CTP – Tourism in a “desolate situation”

 In Hotel, News, Resorts, Tourism

The President of the Tourism Confederation says the impact of the pandemic has lost Portugal €10Bn in tourism revenues leaving the sector in “desolate situation”.

Francisco Calheiros, president of the CTP (Confederação do Turismo de Portugal), said in an interview with Jornal Económico that the impact caused by the pandemic on Portugal’s tourist industry “is frankly negative” which puts is in a “desolate situation”.
The CTP estimates falls of 65% right across the board in tourism in 2020, with revenues of around €8Bn, representing a fall of 57% on 2019. The impact will put a €10Bn dent in Portugal’s external current account, undoing a lot of the positive balance and achievements obtained in recent years thanks to the decisive contribution of tourism in 2017-2019.
Regarding the tourism balance, this is believed to be around €6Bn or 62% down on 2019, with an estimated fall in bed occupancies in hotels of around 65%.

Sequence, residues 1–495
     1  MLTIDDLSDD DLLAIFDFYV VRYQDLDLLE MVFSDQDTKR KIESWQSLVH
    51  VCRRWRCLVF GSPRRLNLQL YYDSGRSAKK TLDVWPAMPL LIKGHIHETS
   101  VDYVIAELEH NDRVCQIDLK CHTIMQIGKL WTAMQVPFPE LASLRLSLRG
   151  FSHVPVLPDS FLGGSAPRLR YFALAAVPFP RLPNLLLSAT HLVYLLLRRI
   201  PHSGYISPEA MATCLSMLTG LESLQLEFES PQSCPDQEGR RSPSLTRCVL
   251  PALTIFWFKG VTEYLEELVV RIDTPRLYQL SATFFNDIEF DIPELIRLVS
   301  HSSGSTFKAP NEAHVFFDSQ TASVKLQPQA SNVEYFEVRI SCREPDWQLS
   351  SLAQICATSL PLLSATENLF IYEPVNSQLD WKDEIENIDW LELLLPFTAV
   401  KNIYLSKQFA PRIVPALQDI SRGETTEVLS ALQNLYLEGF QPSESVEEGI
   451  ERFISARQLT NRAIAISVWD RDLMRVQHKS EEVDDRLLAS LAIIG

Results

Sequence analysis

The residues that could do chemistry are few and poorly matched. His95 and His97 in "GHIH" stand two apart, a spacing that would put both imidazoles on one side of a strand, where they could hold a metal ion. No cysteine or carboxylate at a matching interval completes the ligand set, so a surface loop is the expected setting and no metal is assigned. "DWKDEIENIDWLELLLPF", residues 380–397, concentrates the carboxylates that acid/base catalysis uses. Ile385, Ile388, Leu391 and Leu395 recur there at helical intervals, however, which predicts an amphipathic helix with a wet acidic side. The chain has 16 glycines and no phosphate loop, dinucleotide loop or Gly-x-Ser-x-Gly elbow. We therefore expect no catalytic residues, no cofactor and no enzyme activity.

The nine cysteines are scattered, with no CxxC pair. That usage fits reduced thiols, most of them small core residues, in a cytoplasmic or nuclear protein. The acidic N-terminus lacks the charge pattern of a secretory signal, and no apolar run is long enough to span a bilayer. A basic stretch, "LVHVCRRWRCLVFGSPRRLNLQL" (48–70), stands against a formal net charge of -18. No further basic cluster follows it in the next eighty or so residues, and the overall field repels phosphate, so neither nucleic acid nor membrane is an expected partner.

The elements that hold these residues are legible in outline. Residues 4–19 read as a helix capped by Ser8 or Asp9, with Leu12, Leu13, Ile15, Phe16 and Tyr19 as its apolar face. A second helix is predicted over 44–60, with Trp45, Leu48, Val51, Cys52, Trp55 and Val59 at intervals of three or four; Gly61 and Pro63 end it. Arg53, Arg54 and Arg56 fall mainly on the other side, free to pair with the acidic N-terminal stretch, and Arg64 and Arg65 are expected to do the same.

The total fall in accommodation revenues for all classes of accommodation from hotels to bed and breakfast establishments, and including rural tourism and resorts-based residential tourism, stands at €3Bn.
In terms of passenger numbers at Portugal’s airports, these suffered a 60% fall, wiping off €2Bn, while the car rental sector has seen a fall of 65-70% overall and 80% in terms of tourism car rental.
In terms of employment, which in 2019 provided 300,000 direct jobs in accommodation, restaurants and travel agencies, the INE statical institute has calculated that between February and September, the Portuguese economy lost 83,000 jobs, many of them in tourism.
In 2019 the tourism sector, Portugal’s largest in terms of export activity, was responsible for 52.3% of service exports and 19.7% of total exports as well as 8.7% of total national GP.

Prospects for 2021

The CTP says 2021 will continue to be fairly uncertain with the situation deteriorating over the past few weeks with it being difficult to make forecasts from April onwards, let alone look to 2023 or 2024.
“On thing is certain, regarding the measures imposed, the more restrictive they are, the worse it will be for tourism and for the national economy as a whole,” says CTP president, Francisco Calheiros.